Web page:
Program: B.S., Physics
The B.S. program in Physics is designed for students who desire to (1) pursue a career in physics-related research and development either in industry or government or (2) prepare for graduate work in physics or related subjects. The B.S. program in Physics has two options: Option I—Physics, and Option II—Astrophysics.
Option I is a balanced program in experimental and theoretical physics. This option can be specialized toward applications in engineering or a more mathematical approach to theoretical physics. This is accomplished by the appropriate choice of the elective courses via consultation with the department undergraduate advisor.
To enroll in the first courses in Mathematics and Computer Science, students must meet the prerequisites; otherwise, they may be required to take additional courses in preparation for the required courses. Students must complete all courses listed under lower division required courses as well as those listed under one of the two options. In addition, all students are required to take two comprehensive exams—one on general physics upon completion of PHYS 227 or its equivalent and one on advanced physics just before graduation. Finally, students are required to do a senior project in their final year and pass the associated class PHYS 497. The dates of these exams will be posted in the department office. For more information, consult the department undergraduate advisor.
1. Lower Division Required Courses (36 units)
COMP 110/L Introduction to Algorithms and Programming and Lab (3/1)
or COMP 111A/L and COMP 111B/L Introduction to Algorithms and Programming and Lab (3/1)
2. Upper Division Required Courses (37 units)
PHYS 301 Analytical Mechanics I (3)
PHYS 311 Electromagnetism I (3)
PHYS 365 Experimental Physics I (2)
PHYS 366 Experimental Physics II (2)
PHYS 375 Quantum Physics I (3)
PHYS 389 Mathematical Methods in Physics I (3)
PHYS 402 Analytical Mechanics II (3)
PHYS 410 Electromagnetism II (3)
PHYS 431 Thermodynamics and Statistical Mechanics (4)
PHYS 451 Quantum Physics II (3)
PHYS 465 Experimental Physics III (2)
PHYS 466 Experimental Physics IV (2)
PHYS 493 Physics and Astronomy Colloquium (1)
PHYS 497 Senior Project (3)
3. Upper Division Electives (6 units)
A minimum of 6 units of upper division electives chosen with the approval of the department undergraduate advisor from the following or other courses, including Mathematics or Engineering, if approved by the department undergraduate advisor:
ASTR 301 Astrophysics II (3)
ASTR 401 The Radiative Universe (3)
PHYS 420 Modern Optics (3)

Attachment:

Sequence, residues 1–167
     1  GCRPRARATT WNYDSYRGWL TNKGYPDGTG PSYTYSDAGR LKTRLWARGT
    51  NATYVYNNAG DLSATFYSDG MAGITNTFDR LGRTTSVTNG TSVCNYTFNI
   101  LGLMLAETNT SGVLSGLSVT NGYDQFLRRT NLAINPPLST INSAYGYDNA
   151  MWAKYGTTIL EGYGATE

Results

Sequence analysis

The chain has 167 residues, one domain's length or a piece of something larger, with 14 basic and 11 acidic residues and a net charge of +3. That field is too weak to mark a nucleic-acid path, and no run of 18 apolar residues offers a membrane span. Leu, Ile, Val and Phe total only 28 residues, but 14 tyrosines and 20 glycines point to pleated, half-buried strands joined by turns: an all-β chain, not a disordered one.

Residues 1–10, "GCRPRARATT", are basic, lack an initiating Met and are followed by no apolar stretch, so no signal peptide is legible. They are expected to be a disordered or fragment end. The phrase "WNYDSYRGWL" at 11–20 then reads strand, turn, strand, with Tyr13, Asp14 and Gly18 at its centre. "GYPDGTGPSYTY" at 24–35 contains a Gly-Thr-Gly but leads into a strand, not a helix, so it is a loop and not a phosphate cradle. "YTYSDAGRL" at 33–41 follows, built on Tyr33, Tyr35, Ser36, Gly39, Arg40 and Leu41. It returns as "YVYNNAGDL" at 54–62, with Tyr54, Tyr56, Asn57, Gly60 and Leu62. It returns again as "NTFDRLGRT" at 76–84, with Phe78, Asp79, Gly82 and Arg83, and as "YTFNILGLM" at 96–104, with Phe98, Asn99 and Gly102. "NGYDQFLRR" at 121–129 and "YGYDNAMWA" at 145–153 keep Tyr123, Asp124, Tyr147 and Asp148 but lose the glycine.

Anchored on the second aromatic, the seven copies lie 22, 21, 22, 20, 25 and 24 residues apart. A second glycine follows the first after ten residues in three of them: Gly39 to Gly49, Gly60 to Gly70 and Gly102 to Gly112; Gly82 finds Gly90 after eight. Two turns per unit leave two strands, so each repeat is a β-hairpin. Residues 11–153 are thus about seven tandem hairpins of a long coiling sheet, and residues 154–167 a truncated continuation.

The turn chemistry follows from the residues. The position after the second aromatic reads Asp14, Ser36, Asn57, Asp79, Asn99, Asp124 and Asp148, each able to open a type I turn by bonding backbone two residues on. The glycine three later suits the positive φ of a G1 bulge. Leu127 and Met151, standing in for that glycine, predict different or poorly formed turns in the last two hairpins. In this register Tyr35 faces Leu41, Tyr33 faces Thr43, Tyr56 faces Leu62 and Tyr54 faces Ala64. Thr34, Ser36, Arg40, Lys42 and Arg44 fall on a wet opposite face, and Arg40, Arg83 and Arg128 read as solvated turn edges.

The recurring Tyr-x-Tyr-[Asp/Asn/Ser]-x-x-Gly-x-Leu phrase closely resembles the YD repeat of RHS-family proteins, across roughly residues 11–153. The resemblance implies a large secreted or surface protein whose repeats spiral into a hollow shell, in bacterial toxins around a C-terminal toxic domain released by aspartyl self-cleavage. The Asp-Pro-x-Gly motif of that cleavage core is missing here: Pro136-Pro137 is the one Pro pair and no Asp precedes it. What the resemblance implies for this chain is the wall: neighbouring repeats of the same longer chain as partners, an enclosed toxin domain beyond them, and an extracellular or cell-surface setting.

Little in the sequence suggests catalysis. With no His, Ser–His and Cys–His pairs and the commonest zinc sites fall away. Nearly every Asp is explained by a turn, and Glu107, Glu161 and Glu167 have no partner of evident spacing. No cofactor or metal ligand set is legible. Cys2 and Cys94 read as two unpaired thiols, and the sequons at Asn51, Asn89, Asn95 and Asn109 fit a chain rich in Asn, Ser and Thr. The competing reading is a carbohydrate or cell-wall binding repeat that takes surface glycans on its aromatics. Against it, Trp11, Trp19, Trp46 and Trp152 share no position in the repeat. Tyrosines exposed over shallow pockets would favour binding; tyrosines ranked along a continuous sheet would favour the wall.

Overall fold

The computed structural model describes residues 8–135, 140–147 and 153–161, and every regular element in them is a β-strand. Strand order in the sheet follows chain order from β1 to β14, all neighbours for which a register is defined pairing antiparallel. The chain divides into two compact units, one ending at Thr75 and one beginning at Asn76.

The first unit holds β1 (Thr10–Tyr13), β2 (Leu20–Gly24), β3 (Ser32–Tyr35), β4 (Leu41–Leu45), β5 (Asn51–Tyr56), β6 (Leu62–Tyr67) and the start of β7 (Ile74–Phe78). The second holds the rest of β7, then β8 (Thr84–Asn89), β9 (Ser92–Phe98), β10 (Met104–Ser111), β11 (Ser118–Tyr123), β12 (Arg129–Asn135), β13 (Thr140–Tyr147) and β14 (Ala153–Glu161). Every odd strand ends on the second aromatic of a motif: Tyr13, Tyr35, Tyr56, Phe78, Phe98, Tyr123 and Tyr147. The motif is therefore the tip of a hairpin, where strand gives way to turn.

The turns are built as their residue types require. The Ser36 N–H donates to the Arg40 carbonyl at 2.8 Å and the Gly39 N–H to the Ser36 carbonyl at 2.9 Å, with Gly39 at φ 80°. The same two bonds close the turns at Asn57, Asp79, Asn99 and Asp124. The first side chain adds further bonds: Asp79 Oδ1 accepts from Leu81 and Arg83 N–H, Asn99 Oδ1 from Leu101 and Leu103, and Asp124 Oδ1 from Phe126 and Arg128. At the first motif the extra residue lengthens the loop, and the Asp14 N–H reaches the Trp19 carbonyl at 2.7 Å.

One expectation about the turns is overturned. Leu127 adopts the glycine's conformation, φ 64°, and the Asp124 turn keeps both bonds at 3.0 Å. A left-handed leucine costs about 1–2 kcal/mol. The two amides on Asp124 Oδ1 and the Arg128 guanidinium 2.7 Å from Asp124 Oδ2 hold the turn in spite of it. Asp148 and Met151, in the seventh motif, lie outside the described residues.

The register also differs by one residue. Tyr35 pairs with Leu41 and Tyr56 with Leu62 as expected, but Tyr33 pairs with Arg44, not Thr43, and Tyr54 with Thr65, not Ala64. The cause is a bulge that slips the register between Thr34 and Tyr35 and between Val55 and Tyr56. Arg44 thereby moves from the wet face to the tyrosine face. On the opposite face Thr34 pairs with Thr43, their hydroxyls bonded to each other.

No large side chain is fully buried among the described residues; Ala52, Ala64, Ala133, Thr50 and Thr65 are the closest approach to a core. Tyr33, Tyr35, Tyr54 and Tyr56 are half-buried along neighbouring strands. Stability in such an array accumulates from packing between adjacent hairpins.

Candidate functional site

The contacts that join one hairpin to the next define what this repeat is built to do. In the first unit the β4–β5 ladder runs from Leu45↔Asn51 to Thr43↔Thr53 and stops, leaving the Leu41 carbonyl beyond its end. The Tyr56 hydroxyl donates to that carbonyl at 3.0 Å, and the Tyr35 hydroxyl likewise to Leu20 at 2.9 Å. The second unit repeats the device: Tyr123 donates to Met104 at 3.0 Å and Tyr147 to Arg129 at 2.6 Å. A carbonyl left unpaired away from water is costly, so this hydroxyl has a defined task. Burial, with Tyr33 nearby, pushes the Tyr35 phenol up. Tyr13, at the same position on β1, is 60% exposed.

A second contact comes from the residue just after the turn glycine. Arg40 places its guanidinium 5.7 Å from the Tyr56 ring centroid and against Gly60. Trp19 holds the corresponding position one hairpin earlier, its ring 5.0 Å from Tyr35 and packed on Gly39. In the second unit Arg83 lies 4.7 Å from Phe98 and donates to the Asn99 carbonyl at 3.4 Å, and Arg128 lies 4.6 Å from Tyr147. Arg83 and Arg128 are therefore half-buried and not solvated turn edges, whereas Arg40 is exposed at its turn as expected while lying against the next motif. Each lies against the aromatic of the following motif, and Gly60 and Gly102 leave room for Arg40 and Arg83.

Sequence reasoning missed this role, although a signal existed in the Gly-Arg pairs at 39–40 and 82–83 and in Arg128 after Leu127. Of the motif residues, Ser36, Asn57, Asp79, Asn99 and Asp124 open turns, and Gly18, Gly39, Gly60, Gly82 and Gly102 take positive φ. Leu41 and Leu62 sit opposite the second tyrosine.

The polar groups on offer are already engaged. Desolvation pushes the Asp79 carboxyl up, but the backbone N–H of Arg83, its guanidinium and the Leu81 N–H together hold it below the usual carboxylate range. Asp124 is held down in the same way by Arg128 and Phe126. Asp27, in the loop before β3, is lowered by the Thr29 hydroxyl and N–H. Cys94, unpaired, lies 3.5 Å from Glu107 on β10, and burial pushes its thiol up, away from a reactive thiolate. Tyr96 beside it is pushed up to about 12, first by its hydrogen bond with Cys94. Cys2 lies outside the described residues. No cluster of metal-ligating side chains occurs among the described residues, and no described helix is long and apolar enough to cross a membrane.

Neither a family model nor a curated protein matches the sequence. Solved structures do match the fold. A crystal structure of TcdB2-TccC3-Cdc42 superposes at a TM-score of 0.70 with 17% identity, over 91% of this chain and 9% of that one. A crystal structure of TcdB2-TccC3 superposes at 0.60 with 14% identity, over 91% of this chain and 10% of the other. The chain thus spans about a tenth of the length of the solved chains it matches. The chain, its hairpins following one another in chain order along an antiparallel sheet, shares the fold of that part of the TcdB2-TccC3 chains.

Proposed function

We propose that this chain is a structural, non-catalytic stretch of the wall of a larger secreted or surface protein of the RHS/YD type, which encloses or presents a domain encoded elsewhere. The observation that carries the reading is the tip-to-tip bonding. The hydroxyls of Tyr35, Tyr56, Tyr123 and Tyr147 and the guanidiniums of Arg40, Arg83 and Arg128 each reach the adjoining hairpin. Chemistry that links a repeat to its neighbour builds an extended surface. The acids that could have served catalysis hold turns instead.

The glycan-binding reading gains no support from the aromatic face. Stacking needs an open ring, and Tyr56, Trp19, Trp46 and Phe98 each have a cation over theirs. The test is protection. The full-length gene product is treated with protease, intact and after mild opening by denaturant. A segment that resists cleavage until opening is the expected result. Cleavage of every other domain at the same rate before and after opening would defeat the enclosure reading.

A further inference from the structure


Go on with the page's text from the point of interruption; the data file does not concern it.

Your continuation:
PHYS 421 Laser Physics (3)
PHYS 470 Introduction to Nuclear and Elementary Particle Physics (3)
PHYS 480 Introduction to Solid State Physics (3)
PHYS 489 Mathematical Methods in Physics II (3)
PHYS 490 Computer Applications in Physics (3)
4. General Education (48 units)
12 units are satisfied by the following courses in the major: PHYS 225 satisfies B1 Physical Science; PHYS 220AL satisfies B3 Science Laboratory Activity; MATH 150A satisfies Basic Skills B4 Mathematics/Quantitative Reasoning; PHYS 301 satisfies B5 Scientific Inquiry and Quantitative Reasoning; and COMP 110/L or COMP 111B/L satisfies E Lifelong Learning.
Total Units in the Major/Option: 78-80
General Education Units: 36
Additional Units: 4-6
Total Units Required for the B.S. Degree: 120
Department of Physics and Astronomy
Chair: Debi Choudhary
Live Oak Hall (LO) 1128
Program Learning Outcomes
Students receiving a Bachelor of Science in Physics will be able to:
- Describe natural phenomena in general and in their chosen program option using principles of physics.
- Set up laboratory experiments and collect data from observations and experiments.
- Combine insights and techniques from the various courses in the program.
- Derive quantitative predictions from a model through mathematical analysis.
- Analyze data, provide error analysis, and test a model or hypothesis by comparing with data.
- Competently use computer tools, including software programs for data analysis and presentation, numerical analysis, and computer simulations.
- Convey physical concepts with mathematical expressions.
- Clearly communicate physical concepts, findings, and interpretations through oral presentations.
- Write clear, organized and illustrated technical reports with proper references to previous work in the area.
- Search for and read scientific literature.
- Make unbiased and objective judgments of theories and experiments.
- Maintain integrity in their research and adhere to ethical principles regarding plagiarism, data collection, and selective data sampling.
- Give proper attribution.
- Practice lab safety.
Transfer Road Maps
ADT/STAR Act Degree Road Maps
Students who have graduated with a verified Associate Degree for Transfer and have been admitted to a CSUN program that has been deemed similar will be able to complete the baccalaureate degree within 60 semester units. For additional information, see ADT/STAR Act Degree Road Maps.